By Steve Baxi — “This was it, the moment I’d waited my whole life for, the man I needed, the arms I needed, the lips I needed, the life I needed…and it was all a #%@%ing lie.”
Joan Peterson is crying in bed in 1958.
Joan Peterson is crying in bed in 1972.
Joan Peterson is crying in bed in 1881.
This cycle, as laid out in writer Tom King’s original pitch, is the endless heartache and heartbreak at the center of Love Everlastingan ongoing series by King, artist Elsa Charretiercolorist Matt Hollingsworth, and letter Clayton Cowls. Joan finds herself in repetitive, doomed romances as she Quantum Leap-style hops from era to era falling in love with men we’ve only just met. Unlike the presumed happy endings of classic romance comics, each jump comes with the growing realization that Joan is trapped, that everything she feels and everything she sees is a lie.
Love always assumes a greater whole. To paraphrase Terry Eagleton, to be a person in love is ultimately to recognize you are more than an individual, that you are part of something larger than yourself. But what happens when that promise of love consumers you? What happens when you are unable to see yourself as part of something and are instead warped by it? Consumed by it? What is love when you’re not the one making the promise? This first issue carries us through that slow emotional realization of finding ourselves after we’ve been enthralled by love. As Joan wakes from her fever dreams, we are forced to ask ourselves the same questions: what happened to the last person we loved? Where are we now? Who is the next person we’ll love?
The Sisyphusian horror of this story is in the slow realization that the cycle never ends, but unlike Sisyphus, it lacks the cathartic moment where we accept our fate. The nature of love is to fight, to be messy, to be complicated. Thus as Joan comes to realize what’s happened to her, we’re left asking ourselves the question of what is the value of love, what does it make of us as a person and how does that confrontational, messy, complicated feeling ever lead us to something cathartic?
If Tom King is known for anything specific, it is perhaps his ability to cut through the action and capes in order to get to the melodramatic romances that drive us all. King on Batman was a Knight of the Heart, King on Mr. Miracle was about the promise of love bringing us back from the abyss. Thus, of course his first creator owned book is a series that details the emotional and existential questions of love itself. Even the title — Love Everlasting — carries an ominous quality, is this a threat? Is this a question? Is this a promise?
As King asks these questions, his script focuses on the rhythm of the page and places a heavy emphasis on the art’s ability to carry the emotional realizations that are not verbally expressed. This allows Charretier and Hollingsworth to be in near complete control, interpreting Joan’s life in a myriad of interesting and subtle ways.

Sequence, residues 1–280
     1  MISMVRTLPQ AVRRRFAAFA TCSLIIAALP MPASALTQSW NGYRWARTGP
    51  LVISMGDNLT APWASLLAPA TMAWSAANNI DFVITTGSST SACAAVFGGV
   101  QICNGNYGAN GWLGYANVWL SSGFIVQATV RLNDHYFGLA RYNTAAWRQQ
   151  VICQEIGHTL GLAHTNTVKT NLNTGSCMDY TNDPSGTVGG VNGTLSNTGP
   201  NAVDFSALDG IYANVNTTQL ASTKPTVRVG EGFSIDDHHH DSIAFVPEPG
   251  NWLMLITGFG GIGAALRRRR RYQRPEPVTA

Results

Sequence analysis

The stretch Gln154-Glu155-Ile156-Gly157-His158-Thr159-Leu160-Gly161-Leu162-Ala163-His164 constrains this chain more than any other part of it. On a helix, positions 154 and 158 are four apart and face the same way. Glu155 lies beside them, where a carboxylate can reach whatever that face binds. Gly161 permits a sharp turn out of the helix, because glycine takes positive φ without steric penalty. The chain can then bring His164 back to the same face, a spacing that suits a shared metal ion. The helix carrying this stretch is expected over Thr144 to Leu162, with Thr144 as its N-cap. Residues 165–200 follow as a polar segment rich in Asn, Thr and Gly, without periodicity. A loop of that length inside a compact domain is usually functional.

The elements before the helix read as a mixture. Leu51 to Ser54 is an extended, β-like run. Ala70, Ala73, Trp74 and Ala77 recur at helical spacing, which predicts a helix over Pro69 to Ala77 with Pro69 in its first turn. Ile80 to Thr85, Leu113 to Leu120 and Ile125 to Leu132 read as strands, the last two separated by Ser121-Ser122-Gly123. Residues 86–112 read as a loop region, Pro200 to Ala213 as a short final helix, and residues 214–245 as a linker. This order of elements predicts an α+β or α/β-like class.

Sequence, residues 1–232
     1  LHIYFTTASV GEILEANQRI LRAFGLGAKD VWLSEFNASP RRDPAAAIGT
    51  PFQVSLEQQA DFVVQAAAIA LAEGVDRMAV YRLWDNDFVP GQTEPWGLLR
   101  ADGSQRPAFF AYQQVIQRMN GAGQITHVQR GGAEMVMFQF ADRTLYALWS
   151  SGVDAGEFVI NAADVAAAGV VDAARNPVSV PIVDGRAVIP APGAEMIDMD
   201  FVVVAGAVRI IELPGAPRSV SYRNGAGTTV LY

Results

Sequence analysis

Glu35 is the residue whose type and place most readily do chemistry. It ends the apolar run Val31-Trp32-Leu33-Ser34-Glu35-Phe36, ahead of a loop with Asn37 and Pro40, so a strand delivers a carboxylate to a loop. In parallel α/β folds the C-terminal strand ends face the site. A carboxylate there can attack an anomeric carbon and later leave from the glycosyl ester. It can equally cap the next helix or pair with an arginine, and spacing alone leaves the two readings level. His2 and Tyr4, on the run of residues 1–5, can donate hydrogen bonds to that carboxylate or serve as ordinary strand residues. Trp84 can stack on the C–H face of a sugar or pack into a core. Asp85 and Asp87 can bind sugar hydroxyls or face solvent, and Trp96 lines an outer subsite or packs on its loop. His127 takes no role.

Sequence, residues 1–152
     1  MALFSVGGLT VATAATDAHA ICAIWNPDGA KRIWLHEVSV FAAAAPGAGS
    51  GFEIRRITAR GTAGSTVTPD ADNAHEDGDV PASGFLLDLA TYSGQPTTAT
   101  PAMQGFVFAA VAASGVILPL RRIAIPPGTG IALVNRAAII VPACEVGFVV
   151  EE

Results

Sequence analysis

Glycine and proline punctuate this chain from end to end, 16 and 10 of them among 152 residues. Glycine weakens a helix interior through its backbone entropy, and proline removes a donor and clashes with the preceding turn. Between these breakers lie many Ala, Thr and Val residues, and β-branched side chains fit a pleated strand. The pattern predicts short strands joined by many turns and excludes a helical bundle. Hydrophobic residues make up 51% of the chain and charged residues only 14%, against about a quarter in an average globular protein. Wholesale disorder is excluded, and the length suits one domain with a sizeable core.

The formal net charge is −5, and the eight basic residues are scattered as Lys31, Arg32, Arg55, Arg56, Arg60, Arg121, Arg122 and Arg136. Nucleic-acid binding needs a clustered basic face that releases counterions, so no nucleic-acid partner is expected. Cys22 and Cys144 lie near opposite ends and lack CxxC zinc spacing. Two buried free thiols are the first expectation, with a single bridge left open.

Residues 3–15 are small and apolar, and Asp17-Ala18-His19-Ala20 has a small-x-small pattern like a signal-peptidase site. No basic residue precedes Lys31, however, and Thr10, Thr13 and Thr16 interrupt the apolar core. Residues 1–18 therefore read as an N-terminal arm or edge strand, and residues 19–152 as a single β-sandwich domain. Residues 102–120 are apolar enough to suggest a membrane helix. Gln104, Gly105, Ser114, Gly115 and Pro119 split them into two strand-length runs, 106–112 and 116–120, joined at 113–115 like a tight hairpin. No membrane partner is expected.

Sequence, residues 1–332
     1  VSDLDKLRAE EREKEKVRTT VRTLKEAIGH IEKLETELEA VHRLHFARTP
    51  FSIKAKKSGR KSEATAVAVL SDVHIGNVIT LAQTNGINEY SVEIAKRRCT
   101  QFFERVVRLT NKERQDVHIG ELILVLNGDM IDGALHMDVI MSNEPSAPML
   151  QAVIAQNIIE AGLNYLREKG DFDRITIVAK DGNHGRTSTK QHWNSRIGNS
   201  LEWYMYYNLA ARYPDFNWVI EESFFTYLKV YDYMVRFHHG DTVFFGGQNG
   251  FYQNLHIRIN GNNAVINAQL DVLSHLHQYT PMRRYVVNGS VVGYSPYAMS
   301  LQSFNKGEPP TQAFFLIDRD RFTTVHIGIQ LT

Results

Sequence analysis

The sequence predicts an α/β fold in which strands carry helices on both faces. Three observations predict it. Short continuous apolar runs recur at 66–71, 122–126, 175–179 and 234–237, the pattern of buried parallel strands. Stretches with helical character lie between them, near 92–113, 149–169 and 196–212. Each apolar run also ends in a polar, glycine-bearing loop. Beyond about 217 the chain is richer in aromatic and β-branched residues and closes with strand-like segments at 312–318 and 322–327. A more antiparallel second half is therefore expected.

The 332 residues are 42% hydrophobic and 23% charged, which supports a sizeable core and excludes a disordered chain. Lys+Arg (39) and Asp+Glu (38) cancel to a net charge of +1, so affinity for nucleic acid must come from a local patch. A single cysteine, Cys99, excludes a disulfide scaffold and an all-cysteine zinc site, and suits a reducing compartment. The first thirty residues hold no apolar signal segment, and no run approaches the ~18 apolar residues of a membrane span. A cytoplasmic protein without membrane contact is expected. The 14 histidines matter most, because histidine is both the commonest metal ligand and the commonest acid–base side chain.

Elsa Charretier’s style is not reflective here of classic romance comics. While there are flourishes, large title pages and a number of warm flower petals throughout, her art still carries a loose, and expressive style that feels freeing in a comic that’s otherwise very rigidly formatted. Pages are still laid out in 9 panel grids, as is often the case for King. But text, almost like a silent movie subtitle, replaces images and creates a unique flow that allows the letters and the images to dance around each other.
Charretier’s work here demonstrates her mastery of pace. Allowing a whole panel to be text is one thing, but then spending so much time creating expressive body language that says as much, if not more, creates an emotional engagement that doesn’t have to slow the reading experience down. Her style allows our eyes to flow effortlessly from page to page, but we never feel like we’re glossing over how Joan is feeling. Everything from the angles of the image to the way she tilts her head carry with them a powerful and concise emotion. Charretier is taking advantage of how a string of panels can juxtapose emotions in a way unique to comics.
In the same spirit, Hollingsworth’s colors code each era we enter with an inviting warmth. In particular, the nightly 70s scene does not feel like it’s out of a 70s comic but captures the essence of contemporary nostalgia for the 70s. The shades of purple and yellow prominently style a whole page, but work particularly well in highlighting the facial expressions of each character. Hollingsworth’s color balances out Charretier’s work by trying to capture what exactly the emotional tension here is. When Joan is uncomfortable and the whole world has a slightly sickly shade of yellow, the whole package comes together to make you truly feel that moment.
When you see a comic with this team attached, you shouldn’t be surprised at the level of quality they undoubtedly bring. Love Everlasting has the makings of a modern classic, not simply for its rich and memorable concept, but as a showcase for every creator involved.
Review: Love Everlasting #1
Love Everlasting #1
Writer: Tom King
Artist: Elsa Charretier
Colorist: Matt Hollingsworth
Letter: Clayton Cowls
Publisher: Image Comics
From superstar award-winning creators TOM KING and ELSA CHARRETIER, comes a new ONGOING SERIES in the tradition of SANDMAN and SAGA. Joan Peterson discovers that she is trapped in an endless, terrifying cycle of “romance”—a problem to be solved, a man to marry—and every time she falls in love she’s torn from her world and thrust into another teary saga. Her bloody journey to freedom and revelation starts in this breathtaking, groundbreaking FIRST ISSUE.
Publication Date: August 10, 2022
Steve Baxi has a Masters in Ethics and Applied Philosophy, with focuses in 20th Century Aesthetics and Politics. Steve creates video essays and operates a subscription based blog where he writes on pop culture through a philosophy lens. He tweets through @SteveSBaxi.